My name is Noah Mefrakis, I’m a sophomore at the University of Missouri Columbia majoring in Agribusiness Management. This summer I was accepted to be a part of the Greenhouse Education Center (GEC) team with NatureFresh™ Farms (NFF). The GEC is a mobile greenhouse that travels to different retailers to show consumers how and where their produce is grown. Not everyone gets the chance to see the inside of a greenhouse and so the greenhouse comes to you. My brother was a part of the GEC team last year and encouraged me to apply for it because he had said that “it was the best time of his life” and that he “never learned so much in a summer.” Growing up in Mid-Missouri, I have never really seen the inside of a greenhouse, rather I’ve seen more of the traditional row crop and cattle farming like my grandpa’s farm for example. I also work at a local farmers market where I was able to witness the production of horticulture crops. When I arrived at NatureFresh™ Farms I was astonished at what I saw.
Before our first GEC Tour, I had to get familiar with and know the ins and outs of the 130-acre greenhouse farm as well as meet the team. Kara Badder, the Marketing Project Manager at NatureFresh™, introduced me to the people who run the company, including the marketing team and Peter Quiring, the owner and president of NFF! Her enthusiasm and smile made a great start to my first day. Herman Fehr, the Retail Marketing Coordinator, was going to be my tour guide for the day. NatureFresh™ has five different phases in Canada. We began our orientation at phase 4 and as we drove my eyes widened and I began to smile in awe of all the greenhouses in and around Leamington. I finally started to understand why Leamington is the Tomato Capital of Canada. We walked into the greenhouses and my mouth dropped to the floor. Never have I seen tomato plants 20ft tall with loads of ready to pick fruit grown in a simple but effective growing medium, coconut husks. Its ability to absorb moisture and nutrients was something I have never heard of before. Seeing each plant have its own irrigation line all monitored by computers to be sure the plant is receiving the precise amount of nutrients and water made this farm by far the most technological advanced farm I have seen. Herman told me to try a TOMZ red cherry tomato, “just pick it right off’, he said. So, I did. And Dang. Never have I tasted anything like it. Imagine trying a sour patch for the first time, the complexion of sour and then sweet just taking over everything in your mouth. The TOMZ tomato had the same effect, it just took over everything in your mouth and made you want more! But as much as I wanted to keep snacking, there was a lot more to see.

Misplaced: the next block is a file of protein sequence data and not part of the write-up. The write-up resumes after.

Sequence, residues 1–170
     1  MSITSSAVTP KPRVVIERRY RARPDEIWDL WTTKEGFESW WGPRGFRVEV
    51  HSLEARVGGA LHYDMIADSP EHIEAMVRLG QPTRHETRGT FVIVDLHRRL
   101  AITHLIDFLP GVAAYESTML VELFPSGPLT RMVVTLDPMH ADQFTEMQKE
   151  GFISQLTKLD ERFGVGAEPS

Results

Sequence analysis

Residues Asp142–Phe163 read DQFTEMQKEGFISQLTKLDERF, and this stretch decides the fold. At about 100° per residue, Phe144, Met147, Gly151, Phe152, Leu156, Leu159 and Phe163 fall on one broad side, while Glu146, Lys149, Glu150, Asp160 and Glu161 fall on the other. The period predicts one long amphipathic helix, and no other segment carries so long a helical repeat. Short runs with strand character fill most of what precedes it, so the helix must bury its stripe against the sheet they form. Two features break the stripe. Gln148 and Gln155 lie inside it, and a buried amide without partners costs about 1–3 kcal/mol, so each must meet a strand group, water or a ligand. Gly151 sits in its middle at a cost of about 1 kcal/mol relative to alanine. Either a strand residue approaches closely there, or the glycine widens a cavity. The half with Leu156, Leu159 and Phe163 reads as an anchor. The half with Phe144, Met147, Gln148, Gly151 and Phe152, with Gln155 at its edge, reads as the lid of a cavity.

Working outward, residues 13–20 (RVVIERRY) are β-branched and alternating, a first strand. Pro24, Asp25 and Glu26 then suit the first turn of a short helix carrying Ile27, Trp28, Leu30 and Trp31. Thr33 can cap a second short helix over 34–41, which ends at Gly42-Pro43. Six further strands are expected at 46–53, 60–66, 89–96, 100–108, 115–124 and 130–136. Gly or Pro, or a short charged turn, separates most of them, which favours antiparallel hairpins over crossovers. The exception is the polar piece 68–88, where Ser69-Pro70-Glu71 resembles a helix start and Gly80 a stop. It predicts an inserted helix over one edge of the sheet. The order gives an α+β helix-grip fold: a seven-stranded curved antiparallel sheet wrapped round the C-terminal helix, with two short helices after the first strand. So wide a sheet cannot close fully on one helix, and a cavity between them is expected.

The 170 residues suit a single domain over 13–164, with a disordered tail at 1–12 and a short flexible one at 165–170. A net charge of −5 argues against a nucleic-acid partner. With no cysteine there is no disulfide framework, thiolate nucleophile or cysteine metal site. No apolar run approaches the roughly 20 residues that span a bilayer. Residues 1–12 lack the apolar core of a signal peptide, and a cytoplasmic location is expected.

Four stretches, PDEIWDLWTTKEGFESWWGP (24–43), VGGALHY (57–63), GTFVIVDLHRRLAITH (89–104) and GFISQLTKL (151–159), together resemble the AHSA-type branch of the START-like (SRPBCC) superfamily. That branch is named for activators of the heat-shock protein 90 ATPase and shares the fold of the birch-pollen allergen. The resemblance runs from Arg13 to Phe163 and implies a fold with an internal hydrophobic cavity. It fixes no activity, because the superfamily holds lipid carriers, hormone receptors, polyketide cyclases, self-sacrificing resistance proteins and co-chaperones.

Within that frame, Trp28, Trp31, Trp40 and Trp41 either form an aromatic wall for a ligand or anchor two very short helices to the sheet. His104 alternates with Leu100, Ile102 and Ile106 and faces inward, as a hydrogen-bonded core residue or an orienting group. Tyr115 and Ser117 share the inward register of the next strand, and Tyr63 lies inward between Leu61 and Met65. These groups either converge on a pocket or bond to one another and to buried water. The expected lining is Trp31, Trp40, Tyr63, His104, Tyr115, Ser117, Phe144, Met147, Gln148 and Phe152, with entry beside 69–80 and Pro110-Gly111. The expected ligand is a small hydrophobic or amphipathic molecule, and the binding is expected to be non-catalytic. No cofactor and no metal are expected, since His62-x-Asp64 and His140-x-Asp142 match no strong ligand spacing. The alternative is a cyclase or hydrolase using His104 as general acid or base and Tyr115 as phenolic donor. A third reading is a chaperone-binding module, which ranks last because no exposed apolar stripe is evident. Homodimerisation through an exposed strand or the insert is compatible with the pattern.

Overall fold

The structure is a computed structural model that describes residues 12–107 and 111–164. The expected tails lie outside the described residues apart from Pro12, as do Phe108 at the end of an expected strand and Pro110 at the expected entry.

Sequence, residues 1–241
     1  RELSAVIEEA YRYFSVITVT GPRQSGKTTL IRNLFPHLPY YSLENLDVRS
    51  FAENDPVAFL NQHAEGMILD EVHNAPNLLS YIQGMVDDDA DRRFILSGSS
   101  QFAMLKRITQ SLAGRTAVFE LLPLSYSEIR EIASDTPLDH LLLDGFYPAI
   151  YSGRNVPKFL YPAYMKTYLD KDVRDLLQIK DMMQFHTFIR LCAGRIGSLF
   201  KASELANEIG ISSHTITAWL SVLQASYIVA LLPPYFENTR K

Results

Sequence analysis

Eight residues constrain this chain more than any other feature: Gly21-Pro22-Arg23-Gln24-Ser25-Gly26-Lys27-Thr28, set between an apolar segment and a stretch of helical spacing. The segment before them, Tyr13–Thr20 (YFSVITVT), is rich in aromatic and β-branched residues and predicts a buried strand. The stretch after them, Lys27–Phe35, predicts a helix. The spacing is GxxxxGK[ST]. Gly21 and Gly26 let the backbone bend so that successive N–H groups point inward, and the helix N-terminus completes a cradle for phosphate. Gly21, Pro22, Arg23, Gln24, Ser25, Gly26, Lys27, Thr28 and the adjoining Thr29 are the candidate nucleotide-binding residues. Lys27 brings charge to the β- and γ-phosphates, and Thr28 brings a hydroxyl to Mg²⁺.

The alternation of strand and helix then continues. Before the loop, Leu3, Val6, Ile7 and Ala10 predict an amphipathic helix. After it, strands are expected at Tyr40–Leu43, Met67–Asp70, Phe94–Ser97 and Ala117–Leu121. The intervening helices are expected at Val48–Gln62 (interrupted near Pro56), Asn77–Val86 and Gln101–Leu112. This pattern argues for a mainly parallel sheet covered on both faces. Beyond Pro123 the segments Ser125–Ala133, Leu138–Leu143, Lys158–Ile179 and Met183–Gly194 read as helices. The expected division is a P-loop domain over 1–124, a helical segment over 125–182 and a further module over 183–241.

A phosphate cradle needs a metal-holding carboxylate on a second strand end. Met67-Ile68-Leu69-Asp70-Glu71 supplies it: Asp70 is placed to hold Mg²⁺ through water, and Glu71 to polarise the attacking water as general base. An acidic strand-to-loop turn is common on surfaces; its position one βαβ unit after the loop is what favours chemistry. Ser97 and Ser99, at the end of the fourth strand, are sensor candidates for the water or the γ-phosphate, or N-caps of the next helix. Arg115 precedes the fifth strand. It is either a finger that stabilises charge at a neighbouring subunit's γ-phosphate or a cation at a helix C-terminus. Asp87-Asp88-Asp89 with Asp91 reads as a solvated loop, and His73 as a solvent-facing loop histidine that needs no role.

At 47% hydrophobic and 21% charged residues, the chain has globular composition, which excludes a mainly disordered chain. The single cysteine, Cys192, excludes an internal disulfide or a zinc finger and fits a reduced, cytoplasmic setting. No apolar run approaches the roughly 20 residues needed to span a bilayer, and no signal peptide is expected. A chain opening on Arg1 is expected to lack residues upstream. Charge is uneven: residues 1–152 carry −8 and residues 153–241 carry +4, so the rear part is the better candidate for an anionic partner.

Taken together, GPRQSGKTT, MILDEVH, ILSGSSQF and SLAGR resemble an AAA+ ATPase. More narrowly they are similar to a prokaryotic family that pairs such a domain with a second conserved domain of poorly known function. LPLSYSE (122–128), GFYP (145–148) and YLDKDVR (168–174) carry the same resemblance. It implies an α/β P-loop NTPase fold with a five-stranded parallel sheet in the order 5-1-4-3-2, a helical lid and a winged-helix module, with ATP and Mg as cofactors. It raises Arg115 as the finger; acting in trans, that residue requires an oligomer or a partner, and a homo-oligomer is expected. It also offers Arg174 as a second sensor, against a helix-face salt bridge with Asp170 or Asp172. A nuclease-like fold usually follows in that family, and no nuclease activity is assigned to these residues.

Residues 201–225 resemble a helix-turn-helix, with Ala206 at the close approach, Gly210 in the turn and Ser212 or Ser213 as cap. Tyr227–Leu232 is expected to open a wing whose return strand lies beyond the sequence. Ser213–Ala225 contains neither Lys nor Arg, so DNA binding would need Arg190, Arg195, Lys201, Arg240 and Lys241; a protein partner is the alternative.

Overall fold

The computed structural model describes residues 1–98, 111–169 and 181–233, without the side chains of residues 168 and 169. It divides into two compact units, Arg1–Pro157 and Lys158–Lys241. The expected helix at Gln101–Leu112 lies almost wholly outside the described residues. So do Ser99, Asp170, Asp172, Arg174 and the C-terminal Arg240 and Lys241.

We made our way to phase 3 where 30 acres of bell peppers are grown. As always, we suited up before we entered to prevent any spread of diseases and then walked in. My eyes about popped out! The largest and most perfect bell peppers hung from a 8-foot-high bell pepper plant. All 105 acres of bell peppers were set up similar to that of the tomatoes, from the coconut husks to the irrigation tubes, the vertical growth, the pipe rails down each row, to the complete monitoring by the computer systems. I’ve worked on a horticulture farm and have seen tomatoes and bell peppers before but no words or pictures can explain what I saw that day. Only a visit to the GEC can one begin to conceptualize NatureFresh™ Farms.
After my first few days of training, I was pumped and ready to go on my first trip. The GEC was headed to Toronto. We setup the truck and trailer outside the Real Canadian Superstore and immediately customers began to flock to the trailer in awe of what they saw. I jumped right into the action and explained all I could about NatureFresh™, greenhouse growing and local & fresh vegetables. A few hours went by and it was my turn to begin sampling inside the store. Cut bell peppers and sliced cucumbers with TOMZ red cherry tomatoes made a flavorful snack for our customers who were amazed by the taste of these vegetables. My favorite part was seeing kids trying the cherry tomatoes and making mom pay for a whole container. The next few days rolled right through with each day becoming busier. It brought me back to my busy summer days at the Columbia Farmers Market. It always excites me to be able to explain to customers how and where their produce is grown because it’s important for the consumer to know and understand all the work and technology behind growing food. And now, with the Greenhouse Education Center, I can inform consumers about local foods and how greenhouse produce is grown!